I’ve been thinking a lot lately about connection, and ways to improve my own. Particularly with people in person. I work mostly from home, and can sometimes get too good at my own routine, my own rhythm of communication through social media, email, and texting. When it comes time to actually have a natural conversation, with immediate, unedited and meme-less responses, it can get more stressful than I’d like. As the weather goes from Fall to Winter, this question feels more important. Hiding inside from the cold can leave me feeling even more cut-off from others than usual. While pondering this, I was reminded of Charlecote Park.
It was a chilly March morning in England, almost two years ago. After waking up at a boutique hotel outside of Stratford-Upon-Avon, my mother Michelle, her best friend Lissa, her best friend’s sister Janell, and I took a short drive to Charlecote Park in Warwick, England. [You can read more about this trip and other destinations I visited, like Sissinghurst Castle, Longleat, and the Victoria Art Gallery].
While the grounds warmed and the crunch of the grass softened, we explored the historic home. Upon entering, we were greeted by a friendly pair of tour guides, genuinely excited to talk to us. As we began to explore, the guides trailed along while also at times disappearing to talk to others. We quickly learned the home itself is/was grand enough that Queen Elizabeth I once stayed there. It was expected of her subjects to accommodate her when needed, but also very nearly bankrupted the family to pay for her and her entourage two-day stay. It turns out she was only passing through the area to see her lover, Robert Dudley, at Kenilworth Castle. Quite the lavish booty call. Our guides, we also learned, were married and retired; their stories shifting from Charlecote to their own lives, and back to the history of the property.
Situated along the river Avon, the land of Charlecote has belonged to the Lucy family for over 900 years, the home that stands today first being built in 1558, along with additions and modifications over the centuries. Styles flowing between Elizabethan, Tudor, Georgian, and Jacobean, as time moved on and renovations continued. As we learned more about the bones of the house, the guides also started asking me questions about my own life: where I was from, what I did for a living, seemingly innocuous questions, yet they felt like more than just idle curiosity. It felt somehow more pointed than that. Me being me, I answered somewhat sparingly, wanting to return to the history of Charlecote.
One of the many claims to fame of the Lucy family’s property are the animals surrounding it; the home being situated in the middle of a wildlife preserve. Not only have the same type of fallow deer and Jacob sheep been inhabiting the area for centuries, but they were once hunted by arguably the most famous person in English history – William Shakespeare. Reports say he was arrested as a young man for poaching rabbits and deer in the area, even having to report before the magistrate of Charlecote. David Ross, for Britain Express writes about the magistrate, “In the course of his duties, he was responsible for prosecuting local families with Catholic sympathies, including the Arden family, William Shakespeare's maternal grandparents.” So not only did young Shakespeare appear before the Lucy family court, but also his grandparents. Ross expands that:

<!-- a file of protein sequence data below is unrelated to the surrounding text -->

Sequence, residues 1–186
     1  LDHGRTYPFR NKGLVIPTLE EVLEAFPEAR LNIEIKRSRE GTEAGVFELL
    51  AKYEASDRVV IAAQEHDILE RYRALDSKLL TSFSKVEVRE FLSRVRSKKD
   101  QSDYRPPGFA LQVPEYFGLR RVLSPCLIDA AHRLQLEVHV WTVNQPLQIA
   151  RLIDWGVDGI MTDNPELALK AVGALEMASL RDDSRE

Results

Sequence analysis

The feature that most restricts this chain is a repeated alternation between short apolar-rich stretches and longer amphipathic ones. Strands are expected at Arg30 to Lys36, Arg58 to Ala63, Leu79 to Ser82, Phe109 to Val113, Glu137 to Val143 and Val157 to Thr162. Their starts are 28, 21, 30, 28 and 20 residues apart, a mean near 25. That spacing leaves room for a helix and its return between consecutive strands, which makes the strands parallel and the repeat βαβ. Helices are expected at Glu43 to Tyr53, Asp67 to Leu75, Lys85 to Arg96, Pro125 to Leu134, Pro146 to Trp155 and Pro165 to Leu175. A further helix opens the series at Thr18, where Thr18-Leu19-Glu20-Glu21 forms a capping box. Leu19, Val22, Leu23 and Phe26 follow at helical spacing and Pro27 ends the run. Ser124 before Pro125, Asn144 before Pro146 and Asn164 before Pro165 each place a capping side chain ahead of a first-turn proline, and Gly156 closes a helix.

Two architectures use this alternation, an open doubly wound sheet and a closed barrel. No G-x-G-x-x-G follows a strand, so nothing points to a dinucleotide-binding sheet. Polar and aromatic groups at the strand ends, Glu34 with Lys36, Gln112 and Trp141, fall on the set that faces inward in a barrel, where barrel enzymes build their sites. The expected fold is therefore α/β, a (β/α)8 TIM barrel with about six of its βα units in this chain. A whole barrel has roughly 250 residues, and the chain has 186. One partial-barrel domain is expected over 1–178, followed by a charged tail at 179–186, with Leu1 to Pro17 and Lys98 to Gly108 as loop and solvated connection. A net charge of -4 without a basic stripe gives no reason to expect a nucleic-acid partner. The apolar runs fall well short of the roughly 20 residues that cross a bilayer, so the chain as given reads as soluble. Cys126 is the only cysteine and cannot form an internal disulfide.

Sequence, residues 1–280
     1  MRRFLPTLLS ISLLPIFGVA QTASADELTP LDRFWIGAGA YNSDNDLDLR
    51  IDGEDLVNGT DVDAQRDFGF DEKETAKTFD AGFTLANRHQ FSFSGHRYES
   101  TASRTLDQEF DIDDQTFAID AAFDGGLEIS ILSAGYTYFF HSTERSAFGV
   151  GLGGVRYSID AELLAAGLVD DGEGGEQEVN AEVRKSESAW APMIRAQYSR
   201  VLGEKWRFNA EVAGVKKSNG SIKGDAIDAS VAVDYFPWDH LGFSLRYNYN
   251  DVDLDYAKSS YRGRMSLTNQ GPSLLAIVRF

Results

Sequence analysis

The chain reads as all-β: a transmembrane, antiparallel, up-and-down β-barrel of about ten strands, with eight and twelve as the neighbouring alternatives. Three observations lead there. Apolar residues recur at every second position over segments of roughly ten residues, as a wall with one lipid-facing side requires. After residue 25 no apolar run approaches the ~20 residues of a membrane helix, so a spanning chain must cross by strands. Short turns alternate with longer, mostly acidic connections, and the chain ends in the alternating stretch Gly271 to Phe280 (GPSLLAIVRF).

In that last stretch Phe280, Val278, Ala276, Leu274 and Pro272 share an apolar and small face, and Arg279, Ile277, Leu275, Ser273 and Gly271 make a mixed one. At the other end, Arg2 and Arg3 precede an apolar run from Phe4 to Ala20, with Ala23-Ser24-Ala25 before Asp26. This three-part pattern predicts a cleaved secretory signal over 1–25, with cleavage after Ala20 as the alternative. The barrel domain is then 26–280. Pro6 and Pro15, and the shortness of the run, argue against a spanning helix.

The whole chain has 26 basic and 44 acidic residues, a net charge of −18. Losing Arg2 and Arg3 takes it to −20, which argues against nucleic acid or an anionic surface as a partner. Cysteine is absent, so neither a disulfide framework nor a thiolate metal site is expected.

The story goes that Shakespeare was forced to flee the area to avoid prosecution by Sir Thomas. The young playwright escaped to London, and the rest, as they say, is history. Shakespeare satirised Lucy by casting him as Justice Shallow in The Merry Wives of Windsor and Henry VI, part 2.
Stories continued to unfold from room to room, but the guides kept trying to talk to me. They started telling me about their son who had moved away to a bigger city some years back. How I reminded them of him, or at the least they thought we would get along. At the time, the attention was a little uncomfortable, but as they shared more, both Charlecote-related and personal, the story behind the story became more apparent. They were letting me know their son was like me: gay. When I realized this, suddenly their questions felt less obnoxious, and my defenses came down. They thought it was wonderful I was interested in history and traveling with my mother. They wanted me to feel welcome, but more than that, I think they just liked seeing others like their son – a coming together of separate worlds, lives, times.
Eventually we said our goodbyes and gathered outside to explore the gardens and the stables. Janell commented, “Boy they really seemed to wanna talk to you.” I laughed it off, but somehow it felt like we all knew exactly what was going on, and recognized that they missed their son, and that their kindness expands beyond him.
Connections can happen so quickly, that before we even know it we’re sharing parts of ourselves with total strangers. One moment I was wandering an old home, learning about a living relic, the next I was back in the present, confronted with real lives. But isn’t that what we are all looking for? Connection and recognition; the feeling of knowing we’re not alone. The people surrounding us sharing their stories like a spider’s web with different strands linking us all together. It may have taken me a while to open myself up to it, but that day at Charlecote Park I took the time to get to know someone else’s story. A lesson I should do better at remembering.